Signed informed parental or legal guardian consent is required for babies participating in NEMO. Informed consent in neonatal research is complicated by the issue of proxy consent. McKechnie and Gill (2008) state that valid consent to neonatal research must be:
There are several possible circumstances complicating the validity of informed consent in neonatal research. These include shorter times available in which to consent, mothers having undergone traumatic births involving medication, impairing their capacity to think clearly, and fathers who may be emotionally overwhelmed (Allmark and Speeding 2007). Parents or guardians may not fully understand research terminology such as randomization in the short time to consent. Furthermore they may feel pressure to consent to research given that their new baby's life is at risk. Given that neonatal research often takes place in fraught circumstances, there are reasons to consider that such consent does not meet the criteria for true informed consent (Allmark et al., 2003).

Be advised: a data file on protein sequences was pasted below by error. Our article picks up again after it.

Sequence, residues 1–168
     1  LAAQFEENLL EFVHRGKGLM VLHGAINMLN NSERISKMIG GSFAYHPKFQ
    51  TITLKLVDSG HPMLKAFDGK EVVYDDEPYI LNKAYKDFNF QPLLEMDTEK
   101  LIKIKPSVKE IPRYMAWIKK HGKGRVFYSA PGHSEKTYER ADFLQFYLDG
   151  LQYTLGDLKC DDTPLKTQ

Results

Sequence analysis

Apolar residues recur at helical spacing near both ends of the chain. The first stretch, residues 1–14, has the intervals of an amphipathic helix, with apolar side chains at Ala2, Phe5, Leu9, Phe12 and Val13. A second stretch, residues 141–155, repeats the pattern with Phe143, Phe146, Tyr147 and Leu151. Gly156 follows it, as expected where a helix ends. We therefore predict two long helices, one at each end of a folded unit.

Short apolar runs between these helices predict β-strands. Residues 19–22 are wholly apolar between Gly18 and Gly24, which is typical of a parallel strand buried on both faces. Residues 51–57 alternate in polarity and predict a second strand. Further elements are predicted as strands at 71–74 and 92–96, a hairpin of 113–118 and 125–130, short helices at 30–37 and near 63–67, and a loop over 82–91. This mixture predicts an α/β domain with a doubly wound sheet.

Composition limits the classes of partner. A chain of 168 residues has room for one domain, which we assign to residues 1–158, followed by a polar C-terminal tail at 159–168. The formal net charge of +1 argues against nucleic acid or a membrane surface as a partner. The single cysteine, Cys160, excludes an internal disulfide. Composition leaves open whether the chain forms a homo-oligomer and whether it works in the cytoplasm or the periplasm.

The NEMO parental information sheet for a study involving neonates has been approved by the local ethics committee of P2 for a study on seizure monitoring in babies. We are aware that consent is a dynamic, continuous process. Therefore consent will be sought at the beginning and maintained during the trial as part of the ongoing dialogue between parents and investigators.
We are fully aware of the need to involve the parents in the study, while at the same time giving them as much support as possible. Their predicament is incomprehensible: the joy of birth followed soon after by the anguish and fear for their sick newborn baby. It is a very difficult and vulnerable time for parents to have to make a decision about research. Psychological and counselling support is offered to all parents in the NICU and we will ensure that all parents are aware of these services. We will always aim to approach parents together when obtaining consent for this research as our experience has been that it is easier for parents to understand and cope with the consent process when together. Most of the recruitment centres in our consortium have participated in the recently completed TOBY trial (randomised controlled trial of hypothermia for babies with HIE), and are used to obtaining consent from parents of very sick babies in a considerate and sympathetic way.